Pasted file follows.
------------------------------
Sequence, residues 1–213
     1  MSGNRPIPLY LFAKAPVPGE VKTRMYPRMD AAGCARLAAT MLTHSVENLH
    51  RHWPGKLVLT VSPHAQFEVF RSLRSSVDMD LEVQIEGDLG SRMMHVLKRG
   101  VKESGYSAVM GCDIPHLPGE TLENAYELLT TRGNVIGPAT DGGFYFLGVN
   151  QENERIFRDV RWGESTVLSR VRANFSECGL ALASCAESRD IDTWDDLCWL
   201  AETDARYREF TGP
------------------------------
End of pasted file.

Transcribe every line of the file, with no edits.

Sequence, residues 1–213
     1  MSGNRPIPLY LFAKAPVPGE VKTRMYPRMD AAGCARLAAT MLTHSVENLH
    51  RHWPGKLVLT VSPHAQFEVF RSLRSSVDMD LEVQIEGDLG SRMMHVLKRG
   101  VKESGYSAVM GCDIPHLPGE TLENAYELLT TRGNVIGPAT DGGFYFLGVN
   151  QENERIFRDV RWGESTVLSR VRANFSECGL ALASCAESRD IDTWDDLCWL
   201  AETDARYREF TGP